CAMARINES Sur Rep. LRay Villafuerte has exhorted the government to accelerate plans to set up its own oil stockpile reserves to ensure stable supply and prices of petroleum products.
Villafuerte said his proposal is very imperative as the vaccine-driven economic recovery in the United States and Europe has started to ease travel restrictions and increase demand anew for fuel.
“The steady increase in global oil prices indicate present an upside risk that could further drive up inflation and exacerbate the economic shocks buffeting ordinary Filipinos as a result of the protracted coronavirus pandemic,” said Villafuerte.
The lawmaker recalled that almost two years ago, he already backed the view by Energy Secretary Alfonso Cusi that the country needs strategic oil reserves so the government can be part of the fuel supply chain and have the capability to ease the impact of global market volatilities on consumers by ensuring a stable domestic fuel supply.
“Given the adverse impact of any oil price surge on the cost of basic commodities and on transport fares, the government must take all necessary measures, including putting up its own oil reserves, to stave off a further spike in inflation that has already gone up this year because of the abnormal jump in the retail cost of fresh pork resulting from the two-year ASF (Asian swine fever) outbreak,” Villafuerte said.
Villafuerte said the recent signing by the Department of Energy (DoE) and the Japan Oil, Gas and Metals National Corporation (JOGMEC) of a Memorandum of Agreement (MOA) on a review and updating of the 2002 Philippine National Oil Contingency Plan should clear the way to the creation and operation of a Strategic Petroleum Reserve (SPR) Program.
According to the DoE, this MOA was an offshoot of the DOE’s tie-up with Japan’s Ministry of Economy, Trade and Industry (METI) and JOGMEC on updating the 2002 METI study on the “Master Plan for the Development of Stockpiling for the Philippines.”
This MOA seeks, among others, to gather data on the domestic supply of, and demand for, fuel products in the past five years; projected demand for the next 20 years; the status of state-run and privately-owned storage facilities for crude oil and finished petroleum products; and a review of existing polices on supply for normal demand and for emergency situations resulting from any international or local supply disruption.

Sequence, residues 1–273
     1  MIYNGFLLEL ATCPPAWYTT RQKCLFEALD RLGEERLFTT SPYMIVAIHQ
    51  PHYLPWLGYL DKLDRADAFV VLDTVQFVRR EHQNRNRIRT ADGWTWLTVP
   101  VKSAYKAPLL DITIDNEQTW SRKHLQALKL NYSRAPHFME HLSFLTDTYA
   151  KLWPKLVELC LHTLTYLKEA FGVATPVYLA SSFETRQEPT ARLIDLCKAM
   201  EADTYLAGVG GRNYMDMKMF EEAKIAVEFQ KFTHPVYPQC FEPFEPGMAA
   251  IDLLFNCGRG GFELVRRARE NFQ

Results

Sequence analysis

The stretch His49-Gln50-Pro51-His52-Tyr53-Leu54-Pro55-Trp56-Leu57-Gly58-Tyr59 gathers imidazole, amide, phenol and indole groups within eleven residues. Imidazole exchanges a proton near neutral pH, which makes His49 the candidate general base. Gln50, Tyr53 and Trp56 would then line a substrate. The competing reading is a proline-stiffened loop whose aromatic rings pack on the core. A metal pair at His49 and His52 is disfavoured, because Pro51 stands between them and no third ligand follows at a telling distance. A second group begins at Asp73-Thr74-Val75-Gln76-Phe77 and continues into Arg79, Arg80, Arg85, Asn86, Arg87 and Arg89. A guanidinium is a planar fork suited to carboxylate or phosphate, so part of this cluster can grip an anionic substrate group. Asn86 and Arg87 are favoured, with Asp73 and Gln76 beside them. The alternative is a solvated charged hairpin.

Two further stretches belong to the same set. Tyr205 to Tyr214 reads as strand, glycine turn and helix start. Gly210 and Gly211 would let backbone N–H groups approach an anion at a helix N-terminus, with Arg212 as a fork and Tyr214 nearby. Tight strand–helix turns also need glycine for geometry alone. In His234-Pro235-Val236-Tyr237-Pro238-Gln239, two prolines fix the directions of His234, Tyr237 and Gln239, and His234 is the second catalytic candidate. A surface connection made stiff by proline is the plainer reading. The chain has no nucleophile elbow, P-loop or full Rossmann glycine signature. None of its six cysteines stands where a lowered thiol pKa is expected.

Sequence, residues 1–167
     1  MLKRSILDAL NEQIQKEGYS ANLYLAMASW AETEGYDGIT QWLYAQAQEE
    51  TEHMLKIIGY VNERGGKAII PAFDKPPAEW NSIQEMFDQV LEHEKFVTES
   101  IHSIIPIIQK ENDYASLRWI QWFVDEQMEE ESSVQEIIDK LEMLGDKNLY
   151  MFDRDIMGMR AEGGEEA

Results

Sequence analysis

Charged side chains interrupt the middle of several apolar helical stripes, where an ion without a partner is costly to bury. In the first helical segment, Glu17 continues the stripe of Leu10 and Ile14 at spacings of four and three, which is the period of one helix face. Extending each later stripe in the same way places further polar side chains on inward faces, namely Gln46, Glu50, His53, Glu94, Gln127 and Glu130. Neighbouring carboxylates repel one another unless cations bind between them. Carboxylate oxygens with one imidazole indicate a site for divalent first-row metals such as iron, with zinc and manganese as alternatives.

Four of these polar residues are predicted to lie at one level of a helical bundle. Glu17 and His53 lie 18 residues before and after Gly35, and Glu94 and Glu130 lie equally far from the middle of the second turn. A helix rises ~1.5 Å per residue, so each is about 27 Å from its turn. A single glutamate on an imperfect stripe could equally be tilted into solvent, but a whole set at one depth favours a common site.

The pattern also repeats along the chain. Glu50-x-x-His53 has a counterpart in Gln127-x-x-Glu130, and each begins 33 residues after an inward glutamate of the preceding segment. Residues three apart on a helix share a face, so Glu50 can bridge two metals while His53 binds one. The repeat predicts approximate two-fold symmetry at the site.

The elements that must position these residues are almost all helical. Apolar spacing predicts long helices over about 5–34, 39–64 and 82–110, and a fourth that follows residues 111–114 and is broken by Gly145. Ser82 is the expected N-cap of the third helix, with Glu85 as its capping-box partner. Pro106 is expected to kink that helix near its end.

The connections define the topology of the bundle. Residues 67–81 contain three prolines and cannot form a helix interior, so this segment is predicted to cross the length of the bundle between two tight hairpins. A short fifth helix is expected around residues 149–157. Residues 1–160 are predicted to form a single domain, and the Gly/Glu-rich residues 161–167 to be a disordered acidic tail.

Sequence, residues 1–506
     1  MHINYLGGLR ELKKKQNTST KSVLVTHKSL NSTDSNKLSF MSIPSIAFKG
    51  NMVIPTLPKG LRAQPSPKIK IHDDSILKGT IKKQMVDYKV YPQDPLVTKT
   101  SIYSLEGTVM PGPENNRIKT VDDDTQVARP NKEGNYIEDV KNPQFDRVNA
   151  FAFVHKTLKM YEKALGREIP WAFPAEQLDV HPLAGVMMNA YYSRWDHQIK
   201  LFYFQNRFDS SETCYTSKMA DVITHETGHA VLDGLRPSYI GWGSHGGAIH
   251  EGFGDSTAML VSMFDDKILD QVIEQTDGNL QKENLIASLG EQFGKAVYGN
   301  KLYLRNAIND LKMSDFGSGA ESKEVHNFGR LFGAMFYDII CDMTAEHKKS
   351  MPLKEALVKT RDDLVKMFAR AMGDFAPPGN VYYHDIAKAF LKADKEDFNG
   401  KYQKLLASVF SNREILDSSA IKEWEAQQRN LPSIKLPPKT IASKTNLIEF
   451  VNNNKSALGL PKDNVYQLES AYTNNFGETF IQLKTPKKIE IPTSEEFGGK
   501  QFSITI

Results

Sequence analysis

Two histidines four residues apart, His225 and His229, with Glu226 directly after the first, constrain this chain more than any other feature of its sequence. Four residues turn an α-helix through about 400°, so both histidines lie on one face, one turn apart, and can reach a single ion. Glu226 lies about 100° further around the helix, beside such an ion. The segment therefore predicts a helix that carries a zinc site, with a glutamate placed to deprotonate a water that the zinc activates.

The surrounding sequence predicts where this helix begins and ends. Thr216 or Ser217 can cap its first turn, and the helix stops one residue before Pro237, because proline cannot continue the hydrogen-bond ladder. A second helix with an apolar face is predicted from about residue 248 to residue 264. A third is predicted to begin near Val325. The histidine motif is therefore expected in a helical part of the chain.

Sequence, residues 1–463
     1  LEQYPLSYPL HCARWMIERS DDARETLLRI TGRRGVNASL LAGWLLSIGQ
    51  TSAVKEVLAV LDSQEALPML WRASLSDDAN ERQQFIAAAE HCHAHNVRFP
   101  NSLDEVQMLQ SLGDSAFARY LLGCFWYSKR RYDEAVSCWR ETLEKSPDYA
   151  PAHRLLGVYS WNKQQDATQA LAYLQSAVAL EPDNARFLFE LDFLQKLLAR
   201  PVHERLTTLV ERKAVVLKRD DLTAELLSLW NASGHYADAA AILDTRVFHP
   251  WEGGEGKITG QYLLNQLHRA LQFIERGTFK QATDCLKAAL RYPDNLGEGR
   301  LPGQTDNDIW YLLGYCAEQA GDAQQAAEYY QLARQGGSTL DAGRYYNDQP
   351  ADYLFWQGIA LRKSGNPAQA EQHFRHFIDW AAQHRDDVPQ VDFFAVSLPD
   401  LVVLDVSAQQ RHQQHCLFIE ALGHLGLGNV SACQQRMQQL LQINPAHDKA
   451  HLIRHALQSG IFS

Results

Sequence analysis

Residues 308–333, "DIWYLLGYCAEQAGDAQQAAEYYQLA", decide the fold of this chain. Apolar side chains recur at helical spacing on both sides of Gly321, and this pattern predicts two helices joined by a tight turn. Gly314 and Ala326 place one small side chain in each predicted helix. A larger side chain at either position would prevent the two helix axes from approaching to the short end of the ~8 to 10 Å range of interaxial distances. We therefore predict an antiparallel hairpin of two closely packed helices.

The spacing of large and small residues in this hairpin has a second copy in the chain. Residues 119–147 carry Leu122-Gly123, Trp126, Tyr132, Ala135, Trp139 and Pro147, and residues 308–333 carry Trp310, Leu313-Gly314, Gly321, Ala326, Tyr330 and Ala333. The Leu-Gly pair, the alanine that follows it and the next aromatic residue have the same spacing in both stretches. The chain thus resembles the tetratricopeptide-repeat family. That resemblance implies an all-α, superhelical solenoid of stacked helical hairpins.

For Villafuerte, the government should study thoroughly what method of oil stockpiling would be best for the country, the logistical requirements involved, and whether crude oil or petroleum products should be stored.
He recalled that when oil prices fell in the first quarter of 2016, the DoE already considered stockpiling oil for future use, but estimates show that it would cost a staggering P300 billion a year to carry out this plan.
When the Philippine National Oil Co. (PNOC) also considered this plan earlier than 2016, the cost was estimated at P2.4 billion for 5o million liters of diesel alone.
The DoE only requires oil companies to maintain a Minimum Inventory Requirement (MIR) of in-country stocks equivalent to 30 days of crude and products for refiners, 15 days of products for importers/bulk suppliers, and seven days of liquefied petroleum gas (LPG) stocks for LPG players.
Just recently, diesel prices went up for the 10th week in a row, this time by 70 centavos per liter—or a total of P4.60 per liter as crude oil prices exceeded $70 per barrel in the world market. Gasoline prices went up by 75 centavos per liter and those of kerosene by 70 centavos per liter.
Pump prices of these petroleum products are expected to go up anew this week, with gasoline and diesel prices projected to rise by P1.05 to P1.15 per liter, and those of diesel and kerosene by a respective 60 to 70 centavos per liter and 65 to 75 centavos per liter.
According to reports, Brent crude for August recently went up by 1.9% or $1.39 to settle at $74.90 a barrel, while US West Texas Intermediate (WTI) crude for July rose 2.8% or $2.02 to reach $73.66 per barrel.